Transport sessions need your input

If the mention of another master-planning session doesn't raise the pulse rate of charrette- and consultant-jaded South Mississippians, officials are trying to pump up interest in a series of transportation public meetings this week.

If you don't plan for it, it won't come.

"To get federal funding, your project has to be in the long-range plan," said Gulf Regional Planning Commission Executive Director Elaine Wilkinson.

Transportation issues jumped on the general public's priority list following Katrina, thanks to the array of redevelopment meetings that stressed its importance.

Wilkinson said based on people's inquiries to the commission the topic may have receded in many people's minds, but this week's meeting in each of the coastal counties will allow another means of providing input into the Gulf Coast Area Transportation Study.

GCATS is a 30-year master plan that will include a list of prioritized projects. Funding from Washington trickles down based on the plan.

Doors will open at 5:30 p.m. for each of the meetings, with an introductory presentation at 6. After that, attendees will be able to circulate among displays, making comments on maps and comment cards and talking with experts.

The GRPC experts get valuable knowledge from neighborhoods at these meetings.

In addition to GCATS, there are five supplementary areas of study stemming from the Governor's Commission work:

 Harrison County east-west corridor study

 Transit study

 Pedestrian/bicycle study

 Freight-movement study

 A safety study

The east-west corridor study figures to be of prime interest at Monday's meeting in D'Iberville. The study will generate concepts and won't be limited to the CSX Transportation right-of-way.

"We don't want anyone to be frightened that we're coming out with final alignments," Wilkinson said. "We have to start the process and we have to start it conceptually to keep it in the federal planning process, so whatever comes of it will be eligible for federal dollars."

Past studies and current ideas will be on display with an eye toward figuring out what makes sense where. Will there be bicycle lanes there or somewhere else? Might creating something astride or alongside the CSX tracks make sense? What are the capacity-requirement differences from Point Cadet to Henderson Point?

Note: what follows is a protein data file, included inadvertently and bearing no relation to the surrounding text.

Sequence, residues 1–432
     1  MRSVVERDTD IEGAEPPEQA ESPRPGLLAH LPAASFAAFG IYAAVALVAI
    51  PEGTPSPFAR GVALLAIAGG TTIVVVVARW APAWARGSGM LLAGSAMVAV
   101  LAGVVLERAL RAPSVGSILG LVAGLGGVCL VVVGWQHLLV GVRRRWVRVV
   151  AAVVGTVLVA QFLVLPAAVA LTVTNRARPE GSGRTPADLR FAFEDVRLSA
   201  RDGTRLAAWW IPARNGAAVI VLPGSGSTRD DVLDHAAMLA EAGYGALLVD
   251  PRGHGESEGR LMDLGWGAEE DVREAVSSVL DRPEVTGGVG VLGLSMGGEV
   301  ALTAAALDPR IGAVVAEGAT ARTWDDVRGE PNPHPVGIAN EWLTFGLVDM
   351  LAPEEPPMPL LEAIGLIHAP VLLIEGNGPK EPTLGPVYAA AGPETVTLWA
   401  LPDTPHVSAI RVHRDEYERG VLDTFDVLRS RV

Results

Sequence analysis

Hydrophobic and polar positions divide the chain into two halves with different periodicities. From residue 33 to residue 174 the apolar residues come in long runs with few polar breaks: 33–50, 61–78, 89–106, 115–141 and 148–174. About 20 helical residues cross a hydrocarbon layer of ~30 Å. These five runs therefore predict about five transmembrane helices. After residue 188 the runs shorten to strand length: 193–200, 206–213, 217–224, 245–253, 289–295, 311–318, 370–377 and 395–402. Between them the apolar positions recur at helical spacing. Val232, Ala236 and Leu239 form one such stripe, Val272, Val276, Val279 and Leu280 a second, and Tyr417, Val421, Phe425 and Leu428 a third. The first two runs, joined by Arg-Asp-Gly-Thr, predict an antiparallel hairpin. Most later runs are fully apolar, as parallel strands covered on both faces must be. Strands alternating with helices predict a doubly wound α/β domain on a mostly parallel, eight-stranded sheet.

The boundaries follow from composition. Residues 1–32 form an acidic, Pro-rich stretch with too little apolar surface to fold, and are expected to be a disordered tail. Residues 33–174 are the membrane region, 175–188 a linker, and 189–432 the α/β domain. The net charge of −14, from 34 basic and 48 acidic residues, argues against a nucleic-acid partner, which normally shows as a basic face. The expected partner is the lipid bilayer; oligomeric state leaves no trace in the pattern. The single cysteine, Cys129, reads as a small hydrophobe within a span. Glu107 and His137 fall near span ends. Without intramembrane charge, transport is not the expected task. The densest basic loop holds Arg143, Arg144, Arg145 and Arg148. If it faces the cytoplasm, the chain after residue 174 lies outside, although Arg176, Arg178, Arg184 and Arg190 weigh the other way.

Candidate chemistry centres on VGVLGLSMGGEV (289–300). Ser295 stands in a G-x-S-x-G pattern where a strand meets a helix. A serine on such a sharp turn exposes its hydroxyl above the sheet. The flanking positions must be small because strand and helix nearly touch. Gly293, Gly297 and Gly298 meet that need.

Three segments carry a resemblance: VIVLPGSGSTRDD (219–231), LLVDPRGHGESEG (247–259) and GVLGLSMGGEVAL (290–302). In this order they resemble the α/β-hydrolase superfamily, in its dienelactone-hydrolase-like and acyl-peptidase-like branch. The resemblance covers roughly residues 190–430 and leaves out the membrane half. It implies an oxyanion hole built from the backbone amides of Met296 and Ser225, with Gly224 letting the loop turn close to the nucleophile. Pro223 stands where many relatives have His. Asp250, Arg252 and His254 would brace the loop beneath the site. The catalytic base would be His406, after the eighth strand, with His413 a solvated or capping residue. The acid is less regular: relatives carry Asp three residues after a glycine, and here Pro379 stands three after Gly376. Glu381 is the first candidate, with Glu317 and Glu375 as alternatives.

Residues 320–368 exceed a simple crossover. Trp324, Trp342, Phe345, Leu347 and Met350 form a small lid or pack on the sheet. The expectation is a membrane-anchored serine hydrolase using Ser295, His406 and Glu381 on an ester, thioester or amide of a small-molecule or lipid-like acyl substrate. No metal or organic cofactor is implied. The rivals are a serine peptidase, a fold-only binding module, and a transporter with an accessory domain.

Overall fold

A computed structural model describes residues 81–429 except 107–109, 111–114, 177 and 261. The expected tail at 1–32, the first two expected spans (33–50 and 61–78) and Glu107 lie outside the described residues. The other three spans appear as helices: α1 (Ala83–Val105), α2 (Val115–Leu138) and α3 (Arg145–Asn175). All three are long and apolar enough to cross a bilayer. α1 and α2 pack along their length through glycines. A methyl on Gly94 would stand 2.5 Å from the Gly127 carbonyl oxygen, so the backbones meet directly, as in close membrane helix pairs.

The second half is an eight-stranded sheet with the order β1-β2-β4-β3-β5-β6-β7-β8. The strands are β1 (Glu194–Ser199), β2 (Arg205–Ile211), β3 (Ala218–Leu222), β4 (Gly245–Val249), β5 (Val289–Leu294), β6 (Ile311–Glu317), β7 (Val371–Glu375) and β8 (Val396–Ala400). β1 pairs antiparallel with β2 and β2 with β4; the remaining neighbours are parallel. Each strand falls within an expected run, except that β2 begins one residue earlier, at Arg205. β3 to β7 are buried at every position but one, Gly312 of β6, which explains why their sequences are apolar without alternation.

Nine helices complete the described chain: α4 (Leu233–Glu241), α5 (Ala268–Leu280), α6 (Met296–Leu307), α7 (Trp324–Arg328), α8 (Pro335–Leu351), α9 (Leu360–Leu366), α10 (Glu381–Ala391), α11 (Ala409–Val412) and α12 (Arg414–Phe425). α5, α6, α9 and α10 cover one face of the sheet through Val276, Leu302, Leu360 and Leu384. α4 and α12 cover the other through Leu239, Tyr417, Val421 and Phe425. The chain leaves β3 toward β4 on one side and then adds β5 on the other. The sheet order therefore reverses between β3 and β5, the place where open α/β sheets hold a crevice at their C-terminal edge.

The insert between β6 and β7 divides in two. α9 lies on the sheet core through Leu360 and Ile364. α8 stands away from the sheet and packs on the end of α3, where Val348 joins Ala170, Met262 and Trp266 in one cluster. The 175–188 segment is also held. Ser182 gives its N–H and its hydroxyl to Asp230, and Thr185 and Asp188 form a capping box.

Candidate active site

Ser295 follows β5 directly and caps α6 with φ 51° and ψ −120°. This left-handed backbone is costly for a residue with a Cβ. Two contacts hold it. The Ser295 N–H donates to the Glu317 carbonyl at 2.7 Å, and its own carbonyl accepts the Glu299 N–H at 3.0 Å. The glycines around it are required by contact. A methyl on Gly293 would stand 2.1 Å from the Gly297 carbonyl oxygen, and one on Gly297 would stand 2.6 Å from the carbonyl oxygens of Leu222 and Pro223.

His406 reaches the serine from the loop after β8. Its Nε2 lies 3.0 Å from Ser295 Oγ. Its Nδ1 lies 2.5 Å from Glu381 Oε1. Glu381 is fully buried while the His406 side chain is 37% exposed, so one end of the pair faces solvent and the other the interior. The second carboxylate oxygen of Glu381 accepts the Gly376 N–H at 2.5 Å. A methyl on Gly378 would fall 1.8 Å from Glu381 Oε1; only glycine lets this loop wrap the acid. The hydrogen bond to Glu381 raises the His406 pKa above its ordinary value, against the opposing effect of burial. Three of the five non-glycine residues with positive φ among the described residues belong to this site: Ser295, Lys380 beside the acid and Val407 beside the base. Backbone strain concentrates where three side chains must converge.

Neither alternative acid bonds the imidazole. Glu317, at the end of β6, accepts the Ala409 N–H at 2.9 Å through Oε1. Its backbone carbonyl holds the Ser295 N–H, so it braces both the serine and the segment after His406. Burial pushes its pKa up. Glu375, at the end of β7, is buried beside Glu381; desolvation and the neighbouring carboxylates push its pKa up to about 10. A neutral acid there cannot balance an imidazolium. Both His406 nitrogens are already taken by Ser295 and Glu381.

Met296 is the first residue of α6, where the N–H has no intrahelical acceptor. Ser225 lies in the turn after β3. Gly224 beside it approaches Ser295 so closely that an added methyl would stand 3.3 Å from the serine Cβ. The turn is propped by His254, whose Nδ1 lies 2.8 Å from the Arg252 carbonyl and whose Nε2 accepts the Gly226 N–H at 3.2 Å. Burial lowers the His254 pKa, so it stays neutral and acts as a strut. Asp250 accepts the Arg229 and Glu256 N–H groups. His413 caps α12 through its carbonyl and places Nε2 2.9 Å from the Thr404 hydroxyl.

GRPC has had to recalibrate much of its data since the storm. It's actually planning on a bigger population down the line than before, and the redistribution of the current population drastically changes things.

Both factors makes planning a transit system all the more important.

"The discussion on transit right now is very critical. We think it's a greater need than ever," Wilkinson said. "The population's moving to the north, which means in many cases they're moving further away from their employment site than ever. They'll need transportation and transit can provide a cost-effective solution to them."

Jackson County's population surge has caused some rethinking of U.S. 90 usage and increased the need for another north-south connector to Interstate 10.

In Hancock County, they'll likely talk about U.S. 90 as well, along with the idea of another north-south connector east of Mississippi 603.

And at the root of these discussions are the clearer concepts of community established in the renewal process.

"The only way to approach this problem and to create a balanced system where we can have travel for the people and preserving the character of neighborhoods and communities is to have a plan," said Wilkinson.

Sample questions

A look at some questions that will be asked at the meetings:

 What are the most important north-south connections to the (Harrison County east-west) corridor?

 What (safety) situations do you most commonly experience when driving, biking or walking? (Use adhesive dots to stick to maps and explain on questionnaire.)

 Have you ever thought about going somewhere in the Gulf Coast region and not gone because you didn't think you could go safely?

 What do you think are the best opportunities for improved bicycling and walking in this region? (Use adhesive dots to stick to maps and explain on questionnaire.)

More input opportunities

Gulf Regional Planning Commission has other ways to get more information and make your voice heard:

 The Harrison County East-West Corridor project office: Neel-Schaffer, 772 Howard Ave., Biloxi

 GRPC Web site:

 GRPC staff are also available to speak to groups. Call 864-1167.


If you go

All meetings this week start at 6 p.m.; doors open at 5:30.


Where: D'Iberville City Hall, 10383 Automall Parkway


Where: Kiln Library, 17065 Mississippi 603


Where: Mississippi Gulf Coast Community College Student Center, 2300 U.S. 90, Gautier